Samsung has done a great job promoting and selling the Galaxy S III and it's had a very long run for an Android-based device. So much so that Samsung has actually seen fit to offer decent updates for it. Why not enjoy that true instead of trying to pile on poorly contrived lies everyone can see through?

"There is no rule that says the best phones must have the largest screen." ~RoundaboutNow

 

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post #22 of 28
Quote:
Originally Posted by KDarling View Post

Sure, but some volume is also necessary to make profits.  The chart showed who makes more money in India, and it was done by selling more phones:

  • Samsung - 39% of the revenue
  • Apple - 16% of the revenue

It's interesting that Apple has 70% of the profits worldwide while being out shipped by Sammy then.
post #23 of 28
Quote:
Originally Posted by SolipsismX View Post

Some volume but you are being smarmy by implying that more volume equates to more profit as if Apple and Samsung sell the exact same class handsets. They don't so stop lying. As much as you want to convince everyone that Samsung sells more high end smartphones than Apple it's simply not true no matter how you try to spin it.

 

Pretty rude strawman attempt.  I neither said nor implied said anything of the sort.  In fact, quite the opposite... my point was that cheaper is better here.

 

You said Apple was for-profit, not for-volume.  As I pointed out, in this situation volume will give the most revenue, because higher priced phones have a much smaller market in India than other places.

 

It's why so many expect Apple to create a less expensive model.

 

Quote:
Originally Posted by jungmark View Post

It's interesting that Apple has 70% of the profits worldwide while being out shipped by Sammy then.

 

Good for them, but this thread is about sales in India, not worldwide.

 

In this case, the seller of an affordable phone is very likely going to make far more overall revenue.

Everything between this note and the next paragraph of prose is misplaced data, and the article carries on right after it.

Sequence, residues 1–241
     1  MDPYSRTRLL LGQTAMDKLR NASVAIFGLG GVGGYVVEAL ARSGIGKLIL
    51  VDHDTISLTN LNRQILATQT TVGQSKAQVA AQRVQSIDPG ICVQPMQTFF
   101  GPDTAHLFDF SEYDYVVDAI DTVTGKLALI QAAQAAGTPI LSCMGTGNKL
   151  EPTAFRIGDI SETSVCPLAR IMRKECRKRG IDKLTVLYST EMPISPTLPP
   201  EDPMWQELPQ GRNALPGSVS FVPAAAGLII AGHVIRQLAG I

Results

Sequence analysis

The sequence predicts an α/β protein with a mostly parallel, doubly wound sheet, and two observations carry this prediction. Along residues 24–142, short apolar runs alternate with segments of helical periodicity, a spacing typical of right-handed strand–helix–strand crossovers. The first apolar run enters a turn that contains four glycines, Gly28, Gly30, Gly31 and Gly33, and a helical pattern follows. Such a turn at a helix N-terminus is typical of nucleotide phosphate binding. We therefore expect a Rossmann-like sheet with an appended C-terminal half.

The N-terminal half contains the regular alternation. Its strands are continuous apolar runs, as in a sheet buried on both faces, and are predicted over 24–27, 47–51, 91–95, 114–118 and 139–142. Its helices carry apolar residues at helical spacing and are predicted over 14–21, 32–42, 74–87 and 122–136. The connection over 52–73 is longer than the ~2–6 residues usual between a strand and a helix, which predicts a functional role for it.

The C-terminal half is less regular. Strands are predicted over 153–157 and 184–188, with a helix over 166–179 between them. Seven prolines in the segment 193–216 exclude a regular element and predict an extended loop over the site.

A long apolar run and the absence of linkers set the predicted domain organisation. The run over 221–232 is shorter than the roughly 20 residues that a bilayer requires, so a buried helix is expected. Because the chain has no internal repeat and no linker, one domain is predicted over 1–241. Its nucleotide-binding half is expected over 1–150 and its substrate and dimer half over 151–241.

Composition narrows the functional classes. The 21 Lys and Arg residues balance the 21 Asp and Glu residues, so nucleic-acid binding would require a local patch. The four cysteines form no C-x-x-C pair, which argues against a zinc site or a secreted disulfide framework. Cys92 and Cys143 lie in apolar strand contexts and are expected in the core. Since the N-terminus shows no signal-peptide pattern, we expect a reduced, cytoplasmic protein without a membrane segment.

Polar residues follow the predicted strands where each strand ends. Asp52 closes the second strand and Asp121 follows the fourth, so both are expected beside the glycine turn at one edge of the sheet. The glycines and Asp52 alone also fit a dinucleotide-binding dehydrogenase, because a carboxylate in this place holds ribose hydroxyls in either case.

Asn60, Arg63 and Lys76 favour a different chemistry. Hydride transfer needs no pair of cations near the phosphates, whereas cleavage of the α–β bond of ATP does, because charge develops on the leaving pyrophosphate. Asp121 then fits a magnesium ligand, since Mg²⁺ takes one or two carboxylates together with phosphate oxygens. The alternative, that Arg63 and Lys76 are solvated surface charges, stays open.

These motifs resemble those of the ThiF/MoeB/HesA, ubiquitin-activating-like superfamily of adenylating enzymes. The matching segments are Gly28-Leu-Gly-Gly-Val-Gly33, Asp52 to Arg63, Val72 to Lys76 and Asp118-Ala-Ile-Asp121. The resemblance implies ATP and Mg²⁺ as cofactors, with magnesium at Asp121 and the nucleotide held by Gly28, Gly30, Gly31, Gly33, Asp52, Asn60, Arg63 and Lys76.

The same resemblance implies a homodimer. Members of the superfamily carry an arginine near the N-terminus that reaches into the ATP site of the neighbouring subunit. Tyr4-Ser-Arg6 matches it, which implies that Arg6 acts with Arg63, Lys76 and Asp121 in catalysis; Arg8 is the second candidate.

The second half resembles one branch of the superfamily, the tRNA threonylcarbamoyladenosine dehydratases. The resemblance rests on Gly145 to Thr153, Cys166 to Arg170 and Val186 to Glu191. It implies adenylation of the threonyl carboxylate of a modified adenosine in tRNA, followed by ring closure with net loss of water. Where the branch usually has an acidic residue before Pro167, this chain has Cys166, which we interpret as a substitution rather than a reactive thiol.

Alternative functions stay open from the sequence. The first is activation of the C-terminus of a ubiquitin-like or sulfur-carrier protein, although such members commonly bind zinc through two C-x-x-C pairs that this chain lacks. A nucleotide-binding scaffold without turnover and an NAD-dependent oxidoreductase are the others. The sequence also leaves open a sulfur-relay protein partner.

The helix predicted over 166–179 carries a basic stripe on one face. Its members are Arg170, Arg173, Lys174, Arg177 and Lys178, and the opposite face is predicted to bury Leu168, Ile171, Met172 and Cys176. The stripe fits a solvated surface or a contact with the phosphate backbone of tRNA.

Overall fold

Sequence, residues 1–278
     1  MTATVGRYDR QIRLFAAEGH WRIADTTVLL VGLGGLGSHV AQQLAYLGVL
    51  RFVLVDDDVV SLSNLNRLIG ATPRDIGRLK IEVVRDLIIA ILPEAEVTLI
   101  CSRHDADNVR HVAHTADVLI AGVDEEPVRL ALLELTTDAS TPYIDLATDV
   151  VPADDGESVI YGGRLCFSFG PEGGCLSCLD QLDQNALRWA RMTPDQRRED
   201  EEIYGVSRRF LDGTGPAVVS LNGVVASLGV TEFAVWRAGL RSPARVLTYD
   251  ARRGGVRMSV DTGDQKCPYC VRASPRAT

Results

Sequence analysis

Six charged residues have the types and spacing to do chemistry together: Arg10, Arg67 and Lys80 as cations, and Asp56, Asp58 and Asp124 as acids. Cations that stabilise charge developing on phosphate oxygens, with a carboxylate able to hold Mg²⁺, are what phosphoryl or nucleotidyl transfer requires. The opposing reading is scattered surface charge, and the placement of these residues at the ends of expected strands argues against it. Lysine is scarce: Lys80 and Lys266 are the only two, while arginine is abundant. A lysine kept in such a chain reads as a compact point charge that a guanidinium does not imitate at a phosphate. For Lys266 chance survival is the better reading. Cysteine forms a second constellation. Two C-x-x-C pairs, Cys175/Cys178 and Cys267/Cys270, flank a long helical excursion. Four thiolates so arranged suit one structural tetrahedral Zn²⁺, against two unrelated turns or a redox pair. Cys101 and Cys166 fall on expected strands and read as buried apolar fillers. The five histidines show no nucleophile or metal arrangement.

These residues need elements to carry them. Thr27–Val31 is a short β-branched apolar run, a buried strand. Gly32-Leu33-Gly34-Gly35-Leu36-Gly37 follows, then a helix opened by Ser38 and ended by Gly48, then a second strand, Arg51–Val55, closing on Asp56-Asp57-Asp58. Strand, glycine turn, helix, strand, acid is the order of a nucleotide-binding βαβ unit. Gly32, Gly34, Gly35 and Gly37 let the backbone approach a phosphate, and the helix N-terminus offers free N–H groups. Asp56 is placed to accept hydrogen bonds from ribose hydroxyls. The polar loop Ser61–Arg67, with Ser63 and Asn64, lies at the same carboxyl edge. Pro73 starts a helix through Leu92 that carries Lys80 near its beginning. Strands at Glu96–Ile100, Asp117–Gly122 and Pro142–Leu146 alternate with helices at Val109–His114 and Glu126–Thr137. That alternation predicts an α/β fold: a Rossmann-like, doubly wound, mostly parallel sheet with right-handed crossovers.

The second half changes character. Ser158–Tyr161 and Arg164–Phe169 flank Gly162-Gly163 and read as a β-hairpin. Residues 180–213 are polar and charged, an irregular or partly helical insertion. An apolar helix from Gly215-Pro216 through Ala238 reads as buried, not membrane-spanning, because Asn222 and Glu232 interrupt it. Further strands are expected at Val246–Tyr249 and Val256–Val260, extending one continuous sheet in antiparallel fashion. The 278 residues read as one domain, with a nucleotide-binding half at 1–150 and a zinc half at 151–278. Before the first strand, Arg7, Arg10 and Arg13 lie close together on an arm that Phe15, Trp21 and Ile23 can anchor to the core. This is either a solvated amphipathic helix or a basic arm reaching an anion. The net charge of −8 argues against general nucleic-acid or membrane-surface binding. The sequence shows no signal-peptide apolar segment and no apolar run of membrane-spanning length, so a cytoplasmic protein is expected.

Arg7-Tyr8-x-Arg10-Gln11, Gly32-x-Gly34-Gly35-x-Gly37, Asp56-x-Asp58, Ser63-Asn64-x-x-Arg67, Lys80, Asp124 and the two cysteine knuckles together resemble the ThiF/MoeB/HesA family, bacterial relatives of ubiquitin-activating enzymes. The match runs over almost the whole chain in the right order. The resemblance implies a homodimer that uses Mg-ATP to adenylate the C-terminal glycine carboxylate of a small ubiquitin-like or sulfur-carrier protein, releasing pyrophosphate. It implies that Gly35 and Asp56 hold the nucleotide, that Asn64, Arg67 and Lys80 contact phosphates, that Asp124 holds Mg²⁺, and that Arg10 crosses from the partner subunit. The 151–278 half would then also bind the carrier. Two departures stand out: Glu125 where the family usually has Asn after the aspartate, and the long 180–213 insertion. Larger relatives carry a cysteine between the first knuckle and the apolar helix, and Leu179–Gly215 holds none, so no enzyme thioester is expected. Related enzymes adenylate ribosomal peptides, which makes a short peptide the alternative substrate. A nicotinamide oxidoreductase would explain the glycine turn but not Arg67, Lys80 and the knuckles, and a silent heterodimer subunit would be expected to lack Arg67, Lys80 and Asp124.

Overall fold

post #24 of 28
Quote:
Originally Posted by KDarling View Post

Pretty rude strawman attempt.  I neither said nor implied said anything of the sort.  


You said Apple was for-profit, not for-volume.  All I pointed out was, that in this situation, volume will give the most revenue, because higher priced phones have a much smaller market in India than other places.


It's why so many expect Apple to create a less expensive model.

1) You did imply it.

2) If Apple creates a cheaper phone for certain markets, like China Mobile, it's because they value volume over profit it's because the volume is a means to getting more profit but the ultimate goal for a for-profit company is profit. It's pretty damn simple which is why is perplexes me when people look at volume without the slightly consideration for the companies attempt at gaining profits. Oh wait, it doesn't perplex me as the answer is because it's the only argument you have to "prove" that Apple is losing.

"There is no rule that says the best phones must have the largest screen." ~RoundaboutNow

 

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post #25 of 28
Quote:
Originally Posted by SolipsismX View Post

2) If Apple creates a cheaper phone for certain markets, like China Mobile, it's because they value volume over profit it's because the volume is a means to getting more profit but the ultimate goal for a for-profit company is profit.

 

That's what I said.  Sometimes volume is the means to more profit, instead of higher prices.  You're just repeating me.